A Web service is a set of functionalities that are packaged as a single entity and published to the Web for use by other applications. Web services are building blocks for creating open distributed systems, and allow companies and individuals to quickly and cheaply make their digital assets available worldwide. One early example is Microsoft Passport, a convenient authentication service hosted by Microsoft. Here are some other examples:
- a credit checking service that returns credit information when given a person's social security number.
- a stock quote service that returns the stock price associated with a specified ticker symbol.
- a purchasing service that allows computer systems to buy office supplies when given an item code and a quantity.
A Web service can aggregate other Web services to provide a higher-level set of features. For example, a Web service could provide a set of high-level travel features by orchestrating lower-level Web services for car rental, air travel, and hotels. Applications of the future will be built from Web services that are dynamically selected at runtime based on their cost, quality, and availability.
This category welcomes submission of resources covering the development of Web Services, i.e. programmable web components utilizing technologies such as UDDI, WSDL, SOAP, and XML.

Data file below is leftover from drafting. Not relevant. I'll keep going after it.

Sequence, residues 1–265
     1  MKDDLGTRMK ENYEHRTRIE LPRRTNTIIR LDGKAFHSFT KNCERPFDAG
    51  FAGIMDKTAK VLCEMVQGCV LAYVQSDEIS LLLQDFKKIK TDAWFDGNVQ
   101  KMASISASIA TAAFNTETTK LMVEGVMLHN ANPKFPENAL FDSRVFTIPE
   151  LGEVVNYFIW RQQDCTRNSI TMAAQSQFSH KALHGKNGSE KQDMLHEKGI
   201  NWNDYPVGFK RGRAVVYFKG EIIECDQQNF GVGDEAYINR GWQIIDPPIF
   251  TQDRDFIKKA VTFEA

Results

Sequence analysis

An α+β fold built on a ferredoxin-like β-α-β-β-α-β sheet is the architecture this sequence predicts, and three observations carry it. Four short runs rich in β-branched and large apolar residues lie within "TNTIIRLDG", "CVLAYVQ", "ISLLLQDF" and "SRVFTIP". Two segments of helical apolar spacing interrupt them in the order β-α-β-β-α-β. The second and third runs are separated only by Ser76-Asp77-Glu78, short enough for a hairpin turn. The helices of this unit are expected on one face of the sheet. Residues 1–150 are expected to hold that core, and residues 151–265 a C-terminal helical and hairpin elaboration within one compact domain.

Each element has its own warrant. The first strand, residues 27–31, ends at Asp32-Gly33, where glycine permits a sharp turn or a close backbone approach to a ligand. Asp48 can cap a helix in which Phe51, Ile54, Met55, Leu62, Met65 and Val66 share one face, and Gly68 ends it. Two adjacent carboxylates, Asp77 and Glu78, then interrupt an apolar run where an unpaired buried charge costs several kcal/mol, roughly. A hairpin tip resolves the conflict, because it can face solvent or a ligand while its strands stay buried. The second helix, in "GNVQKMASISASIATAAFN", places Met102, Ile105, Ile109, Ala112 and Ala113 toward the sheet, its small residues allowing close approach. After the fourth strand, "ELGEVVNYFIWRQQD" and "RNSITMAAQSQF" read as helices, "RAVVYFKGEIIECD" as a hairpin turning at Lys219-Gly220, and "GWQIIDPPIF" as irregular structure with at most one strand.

This category is NOT for general commercial services provided over the web or commercial services for building Web Services. These sites should be submitted to the Computers: Internet: Web Design and Development category. Submitting a site to inappropriate category will delay the listing of the site.
This category is specifically for resources that help developers in the development of Web Services or development of applications that use other Web Services.
REST [Representational State Transfer] is an architectural style for building large-scale networked applications. It is a description of the facets of the WWW that made the Web so successful.
REST describes a networked system in terms of
- data elements (resource, resource identifier, representation)
- connectors (client, server, cache, resolver, tunnel)
- components (origin server, gateway, proxy, user agent)
REST is an architecture that separates server implementation from the client's perception of resources, scales well with large numbers of clients, enables transfer of data in streams of unlimited size and type, supports intermediaries (proxies and gateways) as data transformation and caching components, and concentrates the application state within the user agent components.
-- Roy Fielding